7. First temper the chocolate. Take around 2/3 of the chocolate pieces and place in the microwave. Heat in 20 second intervals until the chocolate has almost all melted, making sure to stir the mixture every now and then (especially if your microwave heats unevenly) and then add the rest of the chocolate and let the heat from the chocolate melt the remaining chocolate, and ensuring to stir constantly.
  8. Once the chocolate has reached around 31c, pour 1/3 of the chocolate in to the almonds and stir vigorously again, with the goal of separating the almonds into pieces (try not to have too many clusters of chocolate almonds).
  9. Place the bowl in the fridge and allow to cool for 5 minutes. Now, add another 1/3 of the chocolate (if it gets cool, you can again microwave for around 10 seconds or so before adding this to the refrigerated almonds.
  10. Once again, mix the chocolate vigorously, aiming to keep the almonds separated. Place the almonds back in the fridge for another 5 minutes.
  11. For the last time, pour the remaining chocolate and stir to keep the almonds apart. Place the almonds in the fridge to set for 5 minutes.
  12. If the almonds have stuck together, carefully separate them.
  13. To finish, dust the chocolates in cocoa powder.
Chilli Crab Pasta

Chilli Crab Pasta

My sister once asked me to babysit her son, my two year old nephew. Somehow, I had this impression that she would only be gone a few minutes, 30 at most, little did I know that she would take advantage of that window of freedom and was gone for over two hours.

The first half hour was easy – I sat him infront of the computer and we spent the time watching Mickey Mouse Club House. After awhile he started asking for his Mum (I was secretly wishing she was around too!)… I was in a bit of a dilemma as I wanted to start with my homemade pasta but I also had to babysit. So I asked him if he wanted to help me make some pasta, expecting that this would pre-occupy him for at least a few minutes. I couldn’t have been more wrong!

My two year old nephew was a natural! In fact, I was so impressed that I took a video of him working with the dough, laminating it through the pasta machine, flouring the sheets and so on. We ended up spending a good hour making the pasta and I was so sure that it would turn out perfectly and that no one would believe that he had made it all by himself (with some supervision of course)… so I decided to video the experience. Just in case he gets to be a rockstar chef one day, I’ll have proof that I gave him his first pasta making lesson.

If you’d like to watch him, the clip is below. Apologies for the lousy editing – I clearly cook better than I do make a video!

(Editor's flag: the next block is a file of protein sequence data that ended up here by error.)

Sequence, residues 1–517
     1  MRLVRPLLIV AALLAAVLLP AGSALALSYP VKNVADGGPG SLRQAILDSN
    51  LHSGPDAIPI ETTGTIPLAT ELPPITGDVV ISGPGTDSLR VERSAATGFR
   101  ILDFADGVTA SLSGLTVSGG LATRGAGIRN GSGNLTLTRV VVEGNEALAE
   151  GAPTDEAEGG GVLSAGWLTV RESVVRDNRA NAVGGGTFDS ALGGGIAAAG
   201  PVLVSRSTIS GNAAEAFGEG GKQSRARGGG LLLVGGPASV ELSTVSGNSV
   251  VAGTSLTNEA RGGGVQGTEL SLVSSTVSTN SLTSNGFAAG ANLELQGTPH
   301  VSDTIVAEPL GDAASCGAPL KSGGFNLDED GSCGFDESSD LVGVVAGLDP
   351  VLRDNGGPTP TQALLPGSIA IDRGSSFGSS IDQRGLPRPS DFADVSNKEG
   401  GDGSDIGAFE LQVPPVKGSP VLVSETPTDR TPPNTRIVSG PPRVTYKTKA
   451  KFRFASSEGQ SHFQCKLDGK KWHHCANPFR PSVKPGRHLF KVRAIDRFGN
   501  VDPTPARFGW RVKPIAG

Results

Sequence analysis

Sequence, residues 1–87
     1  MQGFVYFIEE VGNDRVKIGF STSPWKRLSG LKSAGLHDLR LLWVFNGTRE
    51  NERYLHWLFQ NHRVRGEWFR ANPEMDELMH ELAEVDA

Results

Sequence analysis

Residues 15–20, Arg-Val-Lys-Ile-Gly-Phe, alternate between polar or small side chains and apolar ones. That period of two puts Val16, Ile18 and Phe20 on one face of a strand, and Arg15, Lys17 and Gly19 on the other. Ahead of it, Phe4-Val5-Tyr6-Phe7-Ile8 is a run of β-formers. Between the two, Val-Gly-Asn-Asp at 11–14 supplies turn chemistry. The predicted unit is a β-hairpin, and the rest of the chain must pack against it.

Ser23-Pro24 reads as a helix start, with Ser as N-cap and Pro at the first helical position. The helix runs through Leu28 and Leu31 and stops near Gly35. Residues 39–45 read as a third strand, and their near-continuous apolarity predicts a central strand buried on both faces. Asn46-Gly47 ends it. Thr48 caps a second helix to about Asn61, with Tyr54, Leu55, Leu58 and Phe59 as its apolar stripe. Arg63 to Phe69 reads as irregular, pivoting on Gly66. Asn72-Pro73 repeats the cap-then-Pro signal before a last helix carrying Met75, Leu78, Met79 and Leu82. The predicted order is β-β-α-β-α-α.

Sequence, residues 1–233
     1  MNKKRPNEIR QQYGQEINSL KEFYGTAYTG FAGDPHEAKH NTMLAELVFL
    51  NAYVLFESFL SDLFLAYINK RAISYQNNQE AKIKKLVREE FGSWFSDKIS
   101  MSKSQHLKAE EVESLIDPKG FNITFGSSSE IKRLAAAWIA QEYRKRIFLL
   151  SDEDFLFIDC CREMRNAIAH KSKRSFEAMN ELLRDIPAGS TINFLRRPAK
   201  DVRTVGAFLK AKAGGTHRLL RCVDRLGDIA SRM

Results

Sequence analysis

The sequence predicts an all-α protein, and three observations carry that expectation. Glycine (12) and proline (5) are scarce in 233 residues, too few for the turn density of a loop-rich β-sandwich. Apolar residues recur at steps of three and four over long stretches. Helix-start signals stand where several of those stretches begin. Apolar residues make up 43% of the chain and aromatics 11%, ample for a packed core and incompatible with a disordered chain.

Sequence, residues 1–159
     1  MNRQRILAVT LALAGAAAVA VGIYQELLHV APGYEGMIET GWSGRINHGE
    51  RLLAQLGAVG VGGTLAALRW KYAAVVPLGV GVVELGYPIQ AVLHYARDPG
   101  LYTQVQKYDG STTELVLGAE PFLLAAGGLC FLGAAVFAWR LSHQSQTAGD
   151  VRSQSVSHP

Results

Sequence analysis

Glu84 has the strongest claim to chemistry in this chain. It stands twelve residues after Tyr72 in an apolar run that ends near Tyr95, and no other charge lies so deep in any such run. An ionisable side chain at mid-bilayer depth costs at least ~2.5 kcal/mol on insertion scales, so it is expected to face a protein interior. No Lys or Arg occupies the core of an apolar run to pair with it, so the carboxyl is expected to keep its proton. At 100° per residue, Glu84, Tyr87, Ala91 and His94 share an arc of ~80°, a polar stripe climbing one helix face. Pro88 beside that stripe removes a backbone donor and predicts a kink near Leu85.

Anyway, the recipe I’m sharing today is one where fresh angel hair pasta is best used. A few weeks ago we took a friend to the Hunter Valley and had lunch at one of the restaurants there, Roberts. This was my by far my favourite dish and the fact that I didn’t order it (I only managed a taste from my husband), meant that I had to try and copy it at home. I’ve always known that crab, garlic and chilli go well together, but the addition of lemon zest was a brilliant idea!

Angel Hair Pasta with Crab, Chilli and Lemon

serves 2

  • 50 ml olive oil
  • 30 grams butter
  • 2 large red chillis (leave the seeds and pith on for a spicier sauce)
  • 4 cloves of garlic, crushed
  • 250 grams fresh crab meat
  • 200 grams fresh angel hair pasta
  • Zest of one lemon
  • salt to taste
  1. Fill a large pot with water and bring to a boil. Cook the pasta, if using fresh, around 1 minute, if dry, follow package instructions.
  2. Heat the olive oil and butter in a sauce pan. Add the chillis and garlic and saute for a few minutes over a low heat until fragrant, around 3 to 4 minutes.
  3. Add the crab meat and lemon zest. Season to taste and toss in the pasta. If the pasta seems a bit dry, add some of the pasta water to the sauce (around 50 to 100 ml)
Best Ever Granola

Best Ever Granola

There’s a granola movement happening in our family nowadays – we can’t get enough of it. It started innocently enough. I had been wanting to try the granola recipe from Daniel Humm’s Eleven Madison restaurant ever since I saw an interview where he said that he loved to run every morning and made his own granola. He thought it was a great idea to give a jar of granola to each person who dined at his restaurant. Apparently, his granola is legendary. I think… mine is better. I know it’s a big and bold statement but the beauty of this recipe is that you can adapt it to your taste.